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The English Novel: An Introduction Paperback – 23 Jul 2004
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"Eagleton′s presentation of the history of the novel is admirably clear and almost entirely free of the disfiguring jargon so relied upon by theorists and bamboozlers."
The Irish Independentà
"Eagleton, almost alone among academic literary critics of his generation, has never been afraid of asking big questions about big things. In The English Novel: An Introduction he takes aim at a very large target indeed. Being Eagleton (the most articulately and discriminately ideological critic of our time) he does, of course, do much more than merely ′introduce′. He makes sense of the English novel."
John Sutherland, Lord Northcliffe Professor of Modern English Literature, UCL
From the Back Cover
This book provides a wide–ranging, accessible and humorous introduction to the English novel from Daniel Defoe to the present day.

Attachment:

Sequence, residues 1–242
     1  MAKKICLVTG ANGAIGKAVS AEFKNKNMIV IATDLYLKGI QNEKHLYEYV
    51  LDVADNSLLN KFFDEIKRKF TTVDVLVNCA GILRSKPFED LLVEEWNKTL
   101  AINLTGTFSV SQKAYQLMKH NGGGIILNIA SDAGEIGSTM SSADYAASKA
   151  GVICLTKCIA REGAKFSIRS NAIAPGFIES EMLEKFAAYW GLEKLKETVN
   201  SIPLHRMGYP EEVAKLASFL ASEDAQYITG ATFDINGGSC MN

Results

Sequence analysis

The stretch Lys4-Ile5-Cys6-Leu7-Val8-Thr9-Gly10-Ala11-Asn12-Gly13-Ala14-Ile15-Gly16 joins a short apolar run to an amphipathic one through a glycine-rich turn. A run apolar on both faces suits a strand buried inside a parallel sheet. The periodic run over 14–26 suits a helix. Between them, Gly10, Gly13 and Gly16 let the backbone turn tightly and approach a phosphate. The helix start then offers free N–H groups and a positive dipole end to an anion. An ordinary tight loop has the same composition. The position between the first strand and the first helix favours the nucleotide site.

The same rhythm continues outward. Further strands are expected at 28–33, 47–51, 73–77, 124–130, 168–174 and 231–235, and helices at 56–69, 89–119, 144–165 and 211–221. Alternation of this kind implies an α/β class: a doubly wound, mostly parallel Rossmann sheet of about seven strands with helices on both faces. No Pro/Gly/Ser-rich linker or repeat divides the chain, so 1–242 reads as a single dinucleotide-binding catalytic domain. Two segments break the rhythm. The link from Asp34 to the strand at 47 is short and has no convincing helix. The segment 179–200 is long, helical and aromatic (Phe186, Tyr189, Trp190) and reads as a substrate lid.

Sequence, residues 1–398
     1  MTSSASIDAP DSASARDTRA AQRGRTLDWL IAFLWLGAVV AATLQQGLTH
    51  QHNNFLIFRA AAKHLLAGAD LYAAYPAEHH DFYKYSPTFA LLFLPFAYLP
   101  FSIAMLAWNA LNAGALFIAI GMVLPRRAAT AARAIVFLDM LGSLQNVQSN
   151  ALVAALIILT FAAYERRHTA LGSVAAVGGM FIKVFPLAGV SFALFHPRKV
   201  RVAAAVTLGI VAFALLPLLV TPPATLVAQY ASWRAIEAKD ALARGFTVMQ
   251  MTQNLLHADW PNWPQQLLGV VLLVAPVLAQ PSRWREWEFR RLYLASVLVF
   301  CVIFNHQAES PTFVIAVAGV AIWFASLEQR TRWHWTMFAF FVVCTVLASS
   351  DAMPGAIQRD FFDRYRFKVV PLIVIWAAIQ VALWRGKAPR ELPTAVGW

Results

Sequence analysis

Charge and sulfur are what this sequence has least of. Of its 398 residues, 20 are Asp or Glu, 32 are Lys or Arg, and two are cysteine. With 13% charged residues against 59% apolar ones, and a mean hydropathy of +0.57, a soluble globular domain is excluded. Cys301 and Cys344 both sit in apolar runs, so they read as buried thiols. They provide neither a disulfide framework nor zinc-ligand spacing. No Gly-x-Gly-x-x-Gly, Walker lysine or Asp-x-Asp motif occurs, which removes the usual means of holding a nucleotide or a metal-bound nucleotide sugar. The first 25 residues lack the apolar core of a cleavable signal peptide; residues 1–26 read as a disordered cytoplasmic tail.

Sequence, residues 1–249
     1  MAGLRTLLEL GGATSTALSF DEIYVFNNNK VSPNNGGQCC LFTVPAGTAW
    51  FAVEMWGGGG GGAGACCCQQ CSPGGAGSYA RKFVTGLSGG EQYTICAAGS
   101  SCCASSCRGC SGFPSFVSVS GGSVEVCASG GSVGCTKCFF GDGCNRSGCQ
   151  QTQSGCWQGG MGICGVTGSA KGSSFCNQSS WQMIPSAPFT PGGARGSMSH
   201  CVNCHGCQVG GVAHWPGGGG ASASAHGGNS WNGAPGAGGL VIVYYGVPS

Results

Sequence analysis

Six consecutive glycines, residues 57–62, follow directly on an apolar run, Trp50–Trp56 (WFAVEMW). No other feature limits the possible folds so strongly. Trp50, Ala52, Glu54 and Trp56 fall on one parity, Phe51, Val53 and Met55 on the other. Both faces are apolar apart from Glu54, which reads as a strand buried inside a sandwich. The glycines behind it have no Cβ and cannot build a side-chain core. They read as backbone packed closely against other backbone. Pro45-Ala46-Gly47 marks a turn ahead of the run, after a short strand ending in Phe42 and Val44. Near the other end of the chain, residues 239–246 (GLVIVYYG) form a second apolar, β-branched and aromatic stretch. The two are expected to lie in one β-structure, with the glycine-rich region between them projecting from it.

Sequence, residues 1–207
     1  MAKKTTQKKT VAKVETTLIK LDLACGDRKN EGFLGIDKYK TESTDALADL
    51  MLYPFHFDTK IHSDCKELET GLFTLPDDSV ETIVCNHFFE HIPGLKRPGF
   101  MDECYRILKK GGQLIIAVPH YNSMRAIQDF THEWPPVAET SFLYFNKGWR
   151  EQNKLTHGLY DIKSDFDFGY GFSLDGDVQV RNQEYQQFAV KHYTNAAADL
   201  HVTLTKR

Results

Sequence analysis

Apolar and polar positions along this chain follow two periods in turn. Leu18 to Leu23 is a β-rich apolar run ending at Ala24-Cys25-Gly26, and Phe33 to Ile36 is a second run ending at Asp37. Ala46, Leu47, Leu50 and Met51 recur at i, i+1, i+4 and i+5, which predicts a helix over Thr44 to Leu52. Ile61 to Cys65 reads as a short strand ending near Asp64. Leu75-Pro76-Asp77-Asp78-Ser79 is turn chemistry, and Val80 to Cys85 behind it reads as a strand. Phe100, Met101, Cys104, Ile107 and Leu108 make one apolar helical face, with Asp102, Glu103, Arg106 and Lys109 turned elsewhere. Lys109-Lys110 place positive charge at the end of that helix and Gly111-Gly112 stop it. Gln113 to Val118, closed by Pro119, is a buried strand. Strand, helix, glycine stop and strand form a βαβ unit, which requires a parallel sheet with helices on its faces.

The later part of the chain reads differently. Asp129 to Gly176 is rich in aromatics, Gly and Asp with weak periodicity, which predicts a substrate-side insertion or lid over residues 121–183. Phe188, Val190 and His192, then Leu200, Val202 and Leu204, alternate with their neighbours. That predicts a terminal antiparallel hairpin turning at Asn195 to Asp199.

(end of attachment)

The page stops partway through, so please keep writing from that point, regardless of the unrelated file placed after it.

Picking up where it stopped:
Following the model of his hugely popular Literary Theory: An Introduction, Terry Eagleton starts by distilling the essentials of the theory of the novel, summarizing what has been written on the genre by a range of prominent theorists. There then follows a series of chapters on major novelists, including Daniel Defoe, Henry Fielding, Samuel Richardson, Laurence Sterne, Walter Scott, Jane Austen, the Brontës, Charles Dickens, George Eliot, Thomas Hardy, Henry James, Joseph Conrad, Virginia Woolf, D.H. Lawrence and James Joyce. Each chapter discusses the major works of the author in question, outlines the relevant historical context, and draws out common themes.The English Novel is an ideal introduction for students of English literature or for general readers.See all Product description
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Most helpful customer reviews on Amazon.com
Still, what he has to say about the major British novelists needs to be qualified paragraph by paragraph.
Since this book was published, Eagleton seems to have become a sort of academic turned popularizer, much like Harold Bloom. He's gone from "advanced" criticism to "beginner" books, which is a nice way for a prof to make a living, but not of much interest to serious students of the subject.
Eagleton's book is not for the novice unfamiliar with the works he discusses. The book would serve well in a college course on English literature. As an English major and lifelong reader of English Literature I would recommend the book highly.